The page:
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Berkshire Gas moratorium continues indefinitely

  • The Berkshire Gas service center on Mill Street in Greenfield. ​​FILE PHOTO



Staff Writer
Friday, November 23, 2018

Berkshire Gas Co.’s 4-year-old moratorium on new hookups and expanded service in its eight-town Franklin Hampshire territory will continue indefinitely, the company says.

Berkshire Gas, which began the moratorium in December 2014 in Greenfield, Montague, Deerfield, Sunderland and Whately, and extended it to Amherst, Hadley and Hatfield  the following March, wrote recently to more than 300 people and businesses on a waiting list if the moratorium were to be lifted at some point, advising them to seek alternative energy sources.

The company had been studying either building a new liquefied natural gas storage facility somewhere in its Franklin County service area, as well as an expansion of its 16-mile distribution system between Greenfield and Tennessee Gas Pipeline interconnection in Southwick, after rejecting half a dozen other options as part of the company Forecast and Supply Plan for 2016-17 through 2020-21 approved by its which was ordered in July 2017 by the state Department of Public Utilities.

“Regrettably,” the Nov. 16 letter from Berkshire Gas President and Chief Operating Officer Karen Zink says, “Our analysis has concluded that the two options … have proven to be too costly for our customers. Additionally, the implementation of either option would likely drive our natural gas service rates well beyond those of competing fuels.

“Consequently, the moratorium on natural gas service will have to continue indefinitely due to the limitations on the capacity of the delivery system,” wrote Zink.

The company had originally said its moratorium would remain in place until completion of Tennessee Gas Pipeline Co’s proposed by Northeast Energy Direct Pipeline. That project, which had been scheduled to go into operation this month across eight Franklin County towns, was abandoned by TGP in 2016 because of “inadequate capacity commitments from prospective customers and a determination that the project is uneconomic.”

Berkshire Gas spokesman Christopher Farrel, asked whether last week’s letter reflects the Trump Administration’s favorable posture toward fossil fuels, said in an email, “Administration policies or local activism were not factors in this determination.”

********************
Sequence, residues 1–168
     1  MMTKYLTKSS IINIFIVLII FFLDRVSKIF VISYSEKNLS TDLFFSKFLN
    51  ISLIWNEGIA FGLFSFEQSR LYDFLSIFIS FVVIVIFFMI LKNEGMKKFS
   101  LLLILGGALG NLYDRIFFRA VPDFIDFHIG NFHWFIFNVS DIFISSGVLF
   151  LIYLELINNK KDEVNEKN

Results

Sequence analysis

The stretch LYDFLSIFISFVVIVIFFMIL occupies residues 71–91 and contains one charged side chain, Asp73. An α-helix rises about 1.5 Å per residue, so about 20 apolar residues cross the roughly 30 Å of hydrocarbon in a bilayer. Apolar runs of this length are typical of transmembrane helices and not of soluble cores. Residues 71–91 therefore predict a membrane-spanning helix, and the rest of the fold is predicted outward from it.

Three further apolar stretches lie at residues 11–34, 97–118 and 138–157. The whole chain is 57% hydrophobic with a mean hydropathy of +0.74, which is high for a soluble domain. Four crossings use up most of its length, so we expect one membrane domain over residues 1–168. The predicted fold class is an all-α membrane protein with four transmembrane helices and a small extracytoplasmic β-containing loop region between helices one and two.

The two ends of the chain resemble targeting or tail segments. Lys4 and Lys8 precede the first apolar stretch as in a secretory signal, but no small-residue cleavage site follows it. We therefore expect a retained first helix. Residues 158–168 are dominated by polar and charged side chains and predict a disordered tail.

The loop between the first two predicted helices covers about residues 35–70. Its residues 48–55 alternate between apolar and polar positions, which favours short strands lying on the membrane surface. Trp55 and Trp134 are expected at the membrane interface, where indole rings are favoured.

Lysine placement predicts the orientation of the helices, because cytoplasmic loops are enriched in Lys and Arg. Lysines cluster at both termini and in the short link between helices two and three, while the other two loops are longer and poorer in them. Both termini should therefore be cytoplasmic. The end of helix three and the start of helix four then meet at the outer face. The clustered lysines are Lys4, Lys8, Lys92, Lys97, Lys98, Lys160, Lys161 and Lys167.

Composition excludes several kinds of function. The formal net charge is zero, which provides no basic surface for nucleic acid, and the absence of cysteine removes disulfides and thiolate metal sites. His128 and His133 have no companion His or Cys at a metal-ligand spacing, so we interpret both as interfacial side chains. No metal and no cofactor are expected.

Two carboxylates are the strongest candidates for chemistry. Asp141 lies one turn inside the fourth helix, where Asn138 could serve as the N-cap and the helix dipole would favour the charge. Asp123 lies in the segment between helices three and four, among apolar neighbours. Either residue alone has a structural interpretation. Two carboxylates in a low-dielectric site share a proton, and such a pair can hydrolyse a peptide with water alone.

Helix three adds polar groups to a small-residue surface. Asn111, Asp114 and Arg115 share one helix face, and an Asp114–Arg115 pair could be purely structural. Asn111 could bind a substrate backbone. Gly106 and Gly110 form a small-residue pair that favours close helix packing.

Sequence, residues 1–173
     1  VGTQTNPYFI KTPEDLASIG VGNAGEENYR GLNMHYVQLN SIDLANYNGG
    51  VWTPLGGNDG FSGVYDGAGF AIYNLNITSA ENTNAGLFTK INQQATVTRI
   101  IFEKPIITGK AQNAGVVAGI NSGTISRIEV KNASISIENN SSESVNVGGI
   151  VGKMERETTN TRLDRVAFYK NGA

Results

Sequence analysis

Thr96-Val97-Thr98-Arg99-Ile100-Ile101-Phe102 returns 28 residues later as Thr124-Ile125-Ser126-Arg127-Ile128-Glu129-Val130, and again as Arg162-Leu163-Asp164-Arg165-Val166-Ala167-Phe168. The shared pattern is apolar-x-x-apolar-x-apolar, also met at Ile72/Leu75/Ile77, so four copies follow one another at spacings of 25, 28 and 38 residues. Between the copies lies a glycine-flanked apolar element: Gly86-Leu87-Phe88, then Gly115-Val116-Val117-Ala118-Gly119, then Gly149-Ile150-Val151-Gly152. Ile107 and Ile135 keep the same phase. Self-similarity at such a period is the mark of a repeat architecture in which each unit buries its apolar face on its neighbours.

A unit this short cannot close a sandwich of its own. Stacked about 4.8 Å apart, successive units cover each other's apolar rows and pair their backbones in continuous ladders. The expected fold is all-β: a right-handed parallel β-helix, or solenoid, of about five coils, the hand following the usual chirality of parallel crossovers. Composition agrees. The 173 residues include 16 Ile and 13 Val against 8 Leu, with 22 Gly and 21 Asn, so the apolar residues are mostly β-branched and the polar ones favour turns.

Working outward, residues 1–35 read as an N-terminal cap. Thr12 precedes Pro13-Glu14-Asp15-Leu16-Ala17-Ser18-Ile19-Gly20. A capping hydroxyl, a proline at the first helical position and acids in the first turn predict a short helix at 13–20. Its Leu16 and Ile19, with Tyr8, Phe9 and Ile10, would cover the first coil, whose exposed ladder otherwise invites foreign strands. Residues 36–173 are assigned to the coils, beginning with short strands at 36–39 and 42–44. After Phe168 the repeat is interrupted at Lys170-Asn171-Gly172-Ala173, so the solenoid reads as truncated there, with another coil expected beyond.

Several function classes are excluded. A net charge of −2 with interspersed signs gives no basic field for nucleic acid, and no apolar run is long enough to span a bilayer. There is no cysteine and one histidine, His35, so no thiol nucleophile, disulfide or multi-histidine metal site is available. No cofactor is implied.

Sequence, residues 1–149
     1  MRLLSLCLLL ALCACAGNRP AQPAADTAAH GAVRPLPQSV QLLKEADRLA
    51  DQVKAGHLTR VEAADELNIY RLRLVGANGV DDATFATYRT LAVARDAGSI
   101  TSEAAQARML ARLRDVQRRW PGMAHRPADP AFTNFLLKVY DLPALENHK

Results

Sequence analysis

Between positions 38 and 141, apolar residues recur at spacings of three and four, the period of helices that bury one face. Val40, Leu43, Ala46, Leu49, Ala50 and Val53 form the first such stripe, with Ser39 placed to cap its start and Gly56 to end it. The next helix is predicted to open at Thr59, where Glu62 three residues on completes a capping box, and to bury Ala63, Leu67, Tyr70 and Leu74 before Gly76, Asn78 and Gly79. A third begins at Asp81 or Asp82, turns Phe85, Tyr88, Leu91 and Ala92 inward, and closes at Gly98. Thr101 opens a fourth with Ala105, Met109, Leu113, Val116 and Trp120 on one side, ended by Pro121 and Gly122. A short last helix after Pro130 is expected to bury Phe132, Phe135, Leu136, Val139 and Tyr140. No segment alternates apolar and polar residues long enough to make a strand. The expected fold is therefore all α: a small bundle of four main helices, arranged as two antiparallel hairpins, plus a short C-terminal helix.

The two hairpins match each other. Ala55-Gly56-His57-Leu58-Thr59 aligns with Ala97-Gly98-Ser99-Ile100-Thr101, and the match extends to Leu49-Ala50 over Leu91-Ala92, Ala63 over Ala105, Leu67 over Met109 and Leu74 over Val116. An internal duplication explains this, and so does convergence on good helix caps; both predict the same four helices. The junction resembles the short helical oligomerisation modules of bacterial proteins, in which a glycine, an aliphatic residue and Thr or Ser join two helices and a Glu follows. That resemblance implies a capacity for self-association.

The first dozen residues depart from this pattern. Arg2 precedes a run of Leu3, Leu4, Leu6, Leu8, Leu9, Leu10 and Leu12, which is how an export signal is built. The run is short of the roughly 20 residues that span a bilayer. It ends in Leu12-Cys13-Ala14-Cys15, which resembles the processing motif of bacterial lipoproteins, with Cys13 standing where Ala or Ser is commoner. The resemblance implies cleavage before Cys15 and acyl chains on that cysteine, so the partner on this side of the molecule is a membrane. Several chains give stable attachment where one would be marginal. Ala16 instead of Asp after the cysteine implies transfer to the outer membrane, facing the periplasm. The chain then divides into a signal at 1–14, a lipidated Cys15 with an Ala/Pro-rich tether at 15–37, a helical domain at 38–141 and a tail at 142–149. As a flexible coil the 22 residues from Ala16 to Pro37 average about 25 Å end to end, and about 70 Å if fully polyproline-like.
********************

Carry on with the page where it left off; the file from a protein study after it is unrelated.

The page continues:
In an advertisement in Tuesday’s Greenfield Recorder, Berkshire Gas says, “In evaluating these options, the company was mindful that the cost of facilities necessary to lift the moratorium should not be borne by existing customers and that any such investments must stand on their own.”

Each of the two investments, which Berkshire Gas estimated at $70 million to $100 million “to serve incremental growth” is a level that it says “nearly equals the value of the company’s total existing infrastructure across the entire service territory and makes the identified solutions uneconomical for customers.”

Franklin County Chamber of Commerce Executive Director Natalie Blais, who will become state representative in the 1st Franklin District in January, said, “I know of at least one local business that has encountered a significant setback as a result of the moratorium. The Chamber stands ready to work alongside town government to identify innovative ways to support and grow local business in light of this decision by Berkshire Gas.”

Critics of the company and of plans to build the TGP Northeast Energy Direct Pipeline said the Berkshire Gas position represents no real change.

“It’s the same story from Day 1,” said Katy Eiseman, director of the Massachusetts PipeLine Awareness Network. 

Ariel Elan, an energy policy liaison for the Town of Montague, said the town’s expert witnesses went before the DPU and testified additional capacity was unnecessary and could be met instead through conservation measures and supply management, including a Synapse Energy Economics recommendation to renegotiate its contract with Amherst College and another large customer to have them switch to another fuel at times of peak demand.

The testimony on behalf of Montague, which intervened in the DPU review of the Berkshire Gas forecast, concluded that even “an extreme long-term annual growth rate” doesn’t support large infrastructure projects the company has been considering.

“What I’m reading in this is that the electric and gas utility corporations that operate in New England kind of as a group have not really given up on building pipeline infrastructure, storage infrastructure or liquefaction infrastructure, which with the changes they want on federal and state regulation would allow them to liquefy and export natural gas.”

Both those critics have fought additional infrastructure to expand use of fossil fuels because of climate change.

Eiseman said that while the moratorium by Berkshire Gas, as well as a similar Columbia Gas moratorium in Northampton, may be slowing business growth, there’s a silver lining in that it’s prompted some to consider renewable energy solutions instead.

“From my perspective, the moratorium has forced businesses and home owners to alternatives,” said the Cummington resident, adding that she wants the moratorium to be “irrelevant and obsolete.” 

(Staff writer Domenic Poli contributed reporting for this article.)